TORONTO (Jan. 18) — Undoubtedly, this blog will be considered sacrilege by fans of the Toronto Maple Leafs… and by the horde of mainstream media that covers the team as a publicity branch of ownership.
Both factions keep hands off scoring star Auston Matthews, easily the most–glorified and exalted Toronto skater of all time. Which is occasionally puzzling, given that Matthews hasn’t yet, in a half–decade of competition, built a playoff resume; his team failing to advance beyond the opening round of Stanley Cup toil. But, regular–season accomplishment — never a challenge for No. 34 — is sufficient amid the adoring fans and media that endlessly acclaim and lionize the defending Maurice Richard Trophy winner. Some of which, of course, is understandable.
Through more than 50 years of watching the Maple Leafs, only Lanny McDonald and Rick Vaive come close, in my recollection, to Matthews as a gunslinger. McDonald and Vaive scored their 941 NHL goals while using a wooden stick that lacked the whip–and–sling effect of today’s composite models. They also fooled goaltenders adorned in lesser (and much–heavier) equipment than the current breed. So, Matthews may, in fact, be the most–natural and gifted scorer in modern franchise history… and perhaps of all time. Accolades are therefore justified.
But, is Matthews a great all-round hockey player? As was Machine Gun Lanny? Not yet. Not by a long shot. A truly great forward performs energetically and responsibly on both sides of center ice. Matthews rarely gets excited about back–checking obligation; his non–pursuit of Ryan O’Reilly contributed largely to the first St. Louis goal on Saturday, as highlighted by Hockey Night In Canada. More significantly, the great ones routinely (and exponentially) elevate performance during the Stanley Cup tournament — a black hole, to this point, with Matthews.
Speaking of the Hockey Night crew, it unearthed an eye–raising paradox concerning No. 34. Of his 25 goals (second in the NHL to Leon Draisaitl and Alex Ovechkin), only nine have come against Eastern Conference rivals. Given that Toronto will not encounter a Western foe until the Stanley Cup final, this is somewhat disconcerting. Yet, it’s been uniformly overlooked (or, at least, minimized) by those that cover the Leafs. Instead, reporters and commentators have been agape over Matthews breaking the club’s regular–season record for scoring in consecutive road matches. A fairly neat accomplishment, but minus the long–term implication of a tepid playoff performer with merely one–third of his goals against teams he’ll encounter in the first three rounds of Stanley Cup quarrel.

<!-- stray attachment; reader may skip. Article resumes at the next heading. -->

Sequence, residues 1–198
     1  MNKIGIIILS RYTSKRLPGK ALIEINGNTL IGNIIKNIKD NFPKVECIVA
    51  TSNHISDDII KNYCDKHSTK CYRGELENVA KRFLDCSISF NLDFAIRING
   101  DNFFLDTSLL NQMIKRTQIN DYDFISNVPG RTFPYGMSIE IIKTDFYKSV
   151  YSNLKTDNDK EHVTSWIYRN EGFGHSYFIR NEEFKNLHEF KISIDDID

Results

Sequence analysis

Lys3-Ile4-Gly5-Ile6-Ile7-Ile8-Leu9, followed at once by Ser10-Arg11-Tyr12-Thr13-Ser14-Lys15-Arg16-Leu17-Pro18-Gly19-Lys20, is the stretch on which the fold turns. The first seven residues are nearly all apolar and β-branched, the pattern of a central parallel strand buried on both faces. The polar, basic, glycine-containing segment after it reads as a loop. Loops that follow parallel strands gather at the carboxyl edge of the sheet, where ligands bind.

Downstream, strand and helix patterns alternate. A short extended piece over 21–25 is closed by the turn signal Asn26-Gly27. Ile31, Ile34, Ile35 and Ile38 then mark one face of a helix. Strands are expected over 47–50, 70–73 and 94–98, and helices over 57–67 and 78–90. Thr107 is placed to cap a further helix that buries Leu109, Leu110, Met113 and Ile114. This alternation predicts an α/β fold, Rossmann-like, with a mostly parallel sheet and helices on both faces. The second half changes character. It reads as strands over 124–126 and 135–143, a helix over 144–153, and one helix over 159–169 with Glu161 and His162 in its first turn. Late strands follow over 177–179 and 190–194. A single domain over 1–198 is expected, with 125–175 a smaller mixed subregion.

Perhaps indicating that Matthews could again experience difficulty scoring when it matters.
But, you cannot write or say these things here in Toronto.
Owing to his regular–season numbers, Auston has been elevated beyond interpretation and analysis.
When Steve Simmons of the Toronto Sun, early in the pandemic, accurately reported that Matthews had tested positive for COVID–19, it caused an international incident. When Simmons later questioned Matthews about an aspect of the Toronto–Columbus qualifying playoff round, the Maple Leafs forward responded: “First of all, it’s unfortunate I’m getting a question from you at this point, Steve. I just wanted to say that I didn’t appreciate the article you wrote about me a couple of months ago. I thought it was a bit unethical, to be honest.” Of course, time has shown that Simmons started a thoroughly justifiable trend. Today, all professional athletes that enter COVID–19 protocol are immediately identified. It is news and it must be reported. Neither would Steve likely have been excoriated if revealing that Alex Kerfoot tested positive. Doing so with Matthews was clearly out of bounds.